This work has benefited from funding from the Bill and Melinda Gates Foundation, UN FAO, and the Pennsylvania State University. There were two direct grants that funded this project. The Erickson Discovery Grant from Pennsylvania State University was awarded to AK. A Systems Level Approach to crop health was awarded to DPH by the Bill & Melinda Gates Foundation.

Conflict of Interest

The authors declare that the research was conducted in the absence of any commercial or financial relationships that could be construed as a potential conflict of interest.


We are very grateful to the many farmers who welcomed us onto their land and allowed us to collect this data for the common good. We are grateful to Fabio Lana for technical input and Hidden Brains for development work on Plant Village. We thank Self Help Africa for local support and Inbal Becker-Reshef for inviting this contribution.


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Keywords: sentinel, ground-truthed, polyculture, crowdsourcing, earth observations, smallholder agriculture, mapping

Citation: Kehs A, McCloskey P, Chelal J, Morr D, Amakove S, Plimo B, Mayieka J, Ntango G, Nyongesa K, Pamba L, Jeptoo M, Mugo J, Tsuma M, Mukami W, Onyango W and Hughes D (2021) From Village to Globe: A Dynamic Real-Time Map of African Fields Through PlantVillage. Front. Sustain. Food Syst. 5:514785. doi: 10.3389/fsufs.2021.514785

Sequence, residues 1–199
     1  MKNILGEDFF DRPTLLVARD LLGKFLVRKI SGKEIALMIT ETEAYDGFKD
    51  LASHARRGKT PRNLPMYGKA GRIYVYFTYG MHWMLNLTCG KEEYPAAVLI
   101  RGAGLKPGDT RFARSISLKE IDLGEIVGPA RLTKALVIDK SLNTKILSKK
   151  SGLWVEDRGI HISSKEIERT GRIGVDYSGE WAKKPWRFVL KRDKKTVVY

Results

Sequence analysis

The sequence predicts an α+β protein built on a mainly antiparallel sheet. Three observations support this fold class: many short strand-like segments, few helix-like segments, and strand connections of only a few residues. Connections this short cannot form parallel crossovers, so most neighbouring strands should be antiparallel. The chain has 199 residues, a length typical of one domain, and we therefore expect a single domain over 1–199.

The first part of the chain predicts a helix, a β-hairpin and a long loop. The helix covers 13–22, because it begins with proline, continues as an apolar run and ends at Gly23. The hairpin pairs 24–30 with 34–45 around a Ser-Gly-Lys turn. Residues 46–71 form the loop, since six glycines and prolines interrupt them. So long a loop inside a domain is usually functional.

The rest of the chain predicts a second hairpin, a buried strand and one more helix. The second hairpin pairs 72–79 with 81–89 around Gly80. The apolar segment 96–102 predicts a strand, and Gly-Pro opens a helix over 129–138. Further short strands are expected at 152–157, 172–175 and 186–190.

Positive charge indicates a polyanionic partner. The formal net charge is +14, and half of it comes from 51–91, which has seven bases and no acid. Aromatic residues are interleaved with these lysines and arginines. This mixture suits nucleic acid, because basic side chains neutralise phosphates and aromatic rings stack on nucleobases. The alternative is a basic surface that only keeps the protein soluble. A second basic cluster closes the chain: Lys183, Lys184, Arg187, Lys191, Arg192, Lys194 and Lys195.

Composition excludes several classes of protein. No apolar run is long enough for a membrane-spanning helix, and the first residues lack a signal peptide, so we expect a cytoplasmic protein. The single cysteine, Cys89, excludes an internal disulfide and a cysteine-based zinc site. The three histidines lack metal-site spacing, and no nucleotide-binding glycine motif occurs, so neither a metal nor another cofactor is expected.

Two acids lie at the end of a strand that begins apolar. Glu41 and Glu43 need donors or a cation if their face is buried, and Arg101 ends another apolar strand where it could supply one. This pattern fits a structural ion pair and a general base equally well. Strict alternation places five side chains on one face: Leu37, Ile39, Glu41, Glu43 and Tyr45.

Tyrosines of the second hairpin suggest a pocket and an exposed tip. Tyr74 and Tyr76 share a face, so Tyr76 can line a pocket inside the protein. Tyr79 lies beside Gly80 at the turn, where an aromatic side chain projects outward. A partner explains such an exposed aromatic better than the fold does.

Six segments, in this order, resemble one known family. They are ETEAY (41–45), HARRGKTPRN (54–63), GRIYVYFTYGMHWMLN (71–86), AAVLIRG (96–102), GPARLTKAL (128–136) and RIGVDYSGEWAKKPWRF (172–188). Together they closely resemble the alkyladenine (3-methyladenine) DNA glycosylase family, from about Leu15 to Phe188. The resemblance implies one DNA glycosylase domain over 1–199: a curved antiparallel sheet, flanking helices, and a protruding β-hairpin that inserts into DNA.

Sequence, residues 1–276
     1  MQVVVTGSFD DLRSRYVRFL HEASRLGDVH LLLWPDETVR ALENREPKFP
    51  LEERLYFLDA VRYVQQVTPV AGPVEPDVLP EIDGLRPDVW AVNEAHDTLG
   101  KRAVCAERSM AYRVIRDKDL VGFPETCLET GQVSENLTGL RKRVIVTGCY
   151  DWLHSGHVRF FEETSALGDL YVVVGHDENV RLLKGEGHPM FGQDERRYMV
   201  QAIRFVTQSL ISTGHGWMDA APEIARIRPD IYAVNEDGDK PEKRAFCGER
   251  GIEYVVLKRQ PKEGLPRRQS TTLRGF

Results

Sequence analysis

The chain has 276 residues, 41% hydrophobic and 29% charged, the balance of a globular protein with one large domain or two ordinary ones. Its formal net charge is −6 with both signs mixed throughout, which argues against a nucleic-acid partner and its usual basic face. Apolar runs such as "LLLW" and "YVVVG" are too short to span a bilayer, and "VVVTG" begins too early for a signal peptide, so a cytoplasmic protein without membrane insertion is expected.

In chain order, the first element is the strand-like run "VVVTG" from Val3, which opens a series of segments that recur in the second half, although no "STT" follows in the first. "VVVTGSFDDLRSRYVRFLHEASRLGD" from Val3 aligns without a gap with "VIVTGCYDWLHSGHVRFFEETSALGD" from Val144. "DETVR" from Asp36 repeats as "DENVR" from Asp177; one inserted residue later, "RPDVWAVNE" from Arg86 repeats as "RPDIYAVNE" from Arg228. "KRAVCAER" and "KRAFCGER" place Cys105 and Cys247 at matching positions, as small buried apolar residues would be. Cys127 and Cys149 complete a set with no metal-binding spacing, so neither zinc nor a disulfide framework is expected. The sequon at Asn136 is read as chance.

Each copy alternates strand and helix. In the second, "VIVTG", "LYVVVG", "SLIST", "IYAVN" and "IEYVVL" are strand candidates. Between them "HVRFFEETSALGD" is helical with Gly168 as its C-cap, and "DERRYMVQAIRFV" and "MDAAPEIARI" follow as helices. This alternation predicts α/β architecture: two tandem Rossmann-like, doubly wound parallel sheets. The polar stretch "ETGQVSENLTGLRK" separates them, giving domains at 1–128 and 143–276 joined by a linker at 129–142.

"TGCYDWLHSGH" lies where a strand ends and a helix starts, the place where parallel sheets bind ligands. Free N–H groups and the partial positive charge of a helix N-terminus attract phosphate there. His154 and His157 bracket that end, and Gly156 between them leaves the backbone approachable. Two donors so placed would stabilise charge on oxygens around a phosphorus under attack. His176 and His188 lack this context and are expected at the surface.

Received: 25 November 2019; Accepted: 26 March 2021;
Published: 10 May 2021.

Edited by:

Inbal Becker-Reshef, University of Maryland, United States

Reviewed by:

Hamed Alemohammad, Radiant Earth Foundation, United States
Hannah Kerner, University of Maryland, United States

Copyright © 2021 Kehs, McCloskey, Chelal, Morr, Amakove, Plimo, Mayieka, Ntango, Nyongesa, Pamba, Jeptoo, Mugo, Tsuma, Mukami, Onyango and Hughes. This is an open-access article distributed under the terms of the Creative Commons Attribution License (CC BY). The use, distribution or reproduction in other forums is permitted, provided the original author(s) and the copyright owner(s) are credited and that the original publication in this journal is cited, in accordance with accepted academic practice. No use, distribution or reproduction is permitted which does not comply with these terms.

*Correspondence: Annalyse Kehs,; David Hughes,